While I Was Sleeping by M.E. Rolle

I awoke early the other morning out of a dead sleep, to the sound of my dog quietly whining at the front door.

‘Beauregard!’ I whisper yelled in reprimand. Protesting my request, he barked a quiet ‘woof’ in return.

I lay back down and tried to return to sleep, only to be startled by a strange cry from outside. Beauregard whined and barked again less quietly in response. I shouted down a little louder for the dog to stop, but he would not; when I finally called for him, I was relieved to hear his paws thumping up the steps toward my bedroom.  When he got to the door, I told him to lie down there, where he wouldn’t be able hear the noise outside. I hoped he would stop whining, but it turned out not to matter that he did, as the horrible noise outside continued. It sounded like an ill dog—half barking, half shrieking. It was not something I had ever heard before, and it made me feel uneasy.

Nervously, I climbed out of bed and pulled the curtains aside, looking out into the night. Beneath the streetlight at our end of the road, I saw what I believed at first to be a stout, shaggy dog. It looked golden in colour, with a long and shaggy coat and tail. It shrieked again and then looked directly up at my window; as my eyes adjusted to the light, I realized it was a large red fox.

At first, I was perplexed. What was a fox doing this close to Wimbledon Station? We weren’t that far from the large urban parks of Wimbledon Common and Richmond Park, but in order for a fox to have travelled that far, she would have needed to cross the railroad tracks, and climb at least two fences. Moreover, our terraced house sits at the end of a short block that backs up on either side to about a half dozen other short blocks, all of them with fenced gardens. For a fox to be here, howling under my window, you would think she had planned it.

She continued to bark her shrieking call up at my window, and I felt compelled to go down and see what was the matter. I pulled on a pair of jeans, a warm jumper, and my Wellies, then made my way down the steps, trying to avoid the spots where I knew the treads would creak, so as not to wake anyone in the house. Reaching the ground floor, I grabbed my coat off the back of a chair, put my keys and mobile in my pocket, and silently exited through the front door. Perhaps it was the way the fox had looked at me, as if imploring me to follow, but I went without yet thinking about how bizarre a choice it was to leave my home in the middle of the night to meet up with a wild animal.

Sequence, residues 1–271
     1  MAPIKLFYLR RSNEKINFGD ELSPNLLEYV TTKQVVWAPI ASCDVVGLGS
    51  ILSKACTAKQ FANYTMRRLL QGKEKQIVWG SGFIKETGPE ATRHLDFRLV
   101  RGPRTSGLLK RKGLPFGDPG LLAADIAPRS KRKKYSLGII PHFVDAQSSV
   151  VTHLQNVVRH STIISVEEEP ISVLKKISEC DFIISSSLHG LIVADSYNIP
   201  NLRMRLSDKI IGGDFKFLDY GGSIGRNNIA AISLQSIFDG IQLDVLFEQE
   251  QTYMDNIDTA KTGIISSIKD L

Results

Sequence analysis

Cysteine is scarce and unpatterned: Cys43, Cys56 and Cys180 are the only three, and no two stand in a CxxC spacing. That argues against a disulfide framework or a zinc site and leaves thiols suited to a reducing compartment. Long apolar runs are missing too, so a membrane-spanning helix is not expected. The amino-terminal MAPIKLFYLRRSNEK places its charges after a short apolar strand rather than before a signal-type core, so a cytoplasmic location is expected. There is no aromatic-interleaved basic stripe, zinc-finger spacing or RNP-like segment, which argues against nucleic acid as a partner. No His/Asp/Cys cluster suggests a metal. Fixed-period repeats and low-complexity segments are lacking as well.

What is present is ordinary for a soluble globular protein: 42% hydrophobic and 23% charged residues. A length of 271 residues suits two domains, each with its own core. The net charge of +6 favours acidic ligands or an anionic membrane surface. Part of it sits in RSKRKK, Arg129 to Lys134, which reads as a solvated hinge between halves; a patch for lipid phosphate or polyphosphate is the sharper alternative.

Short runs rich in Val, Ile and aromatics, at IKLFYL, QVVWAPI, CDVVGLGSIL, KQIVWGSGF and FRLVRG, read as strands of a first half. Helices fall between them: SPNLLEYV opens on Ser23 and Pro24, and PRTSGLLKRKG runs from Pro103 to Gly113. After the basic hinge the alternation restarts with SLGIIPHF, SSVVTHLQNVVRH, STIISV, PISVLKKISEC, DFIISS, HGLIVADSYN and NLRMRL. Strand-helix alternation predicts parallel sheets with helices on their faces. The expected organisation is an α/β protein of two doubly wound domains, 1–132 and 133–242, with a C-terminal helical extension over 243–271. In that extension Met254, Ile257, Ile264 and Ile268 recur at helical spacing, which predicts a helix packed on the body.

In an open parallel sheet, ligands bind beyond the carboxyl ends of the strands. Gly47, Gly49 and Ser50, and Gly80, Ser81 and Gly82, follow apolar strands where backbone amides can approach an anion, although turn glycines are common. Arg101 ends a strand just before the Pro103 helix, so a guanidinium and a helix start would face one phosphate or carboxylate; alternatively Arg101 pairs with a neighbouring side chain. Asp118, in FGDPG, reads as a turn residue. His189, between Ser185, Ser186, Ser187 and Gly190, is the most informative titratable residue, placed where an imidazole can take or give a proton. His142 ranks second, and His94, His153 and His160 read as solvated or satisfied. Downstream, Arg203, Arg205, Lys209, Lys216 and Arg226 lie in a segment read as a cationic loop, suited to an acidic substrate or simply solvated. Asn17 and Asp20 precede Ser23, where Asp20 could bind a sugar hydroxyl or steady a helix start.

The fox stopped crying as soon as she saw me, whereupon she maintained eye contact long enough for me to feel a bit disturbed. If she wanted my attention, she had it.

‘What is it?’ I finally asked.

She turned tail and began to trot up the street toward Dundonald Road. Worried that a car would strike her, I jogged after her, but when she reached the corner, she turned and continued west, away from the station. I began to wonder what the hell I was doing, out in the moonlight, following a red fox in a low speed chase through Wimbledon.

‘Where are you going?’ I called after the fox, but also asked myself. She stopped long enough to turn around and lock eyes with me again. However crazy it was, I believed that she was asking me to continue to follow her. So I did.

We made our way up Dundonald Road a few blocks, and then she turned down Merton Hall Road—a longer road that marked the end of the recreation grounds and that, like ours, ended at the railroad tracks. I knew from my shortcut to yoga class that there was a footbridge over the tracks at the end of this road. I was certain that there must have been a loose board in the fence at the end of this street, and that the fox would lead me through it and into the grassy area alongside the tracks. Much to my surprise, however, the fox proceeded to lead me up and across the footbridge, just as a National Rail train passed under us. Beams of light danced around us, moving across the side of the bridge as the train continued north easterly toward Raynes Park Station. I paused a brief moment in the middle of the footbridge and thought again about the absurdity of my present venture. Still, I couldn’t shake the feeling that the fox wanted—perhaps even needed—me to follow her.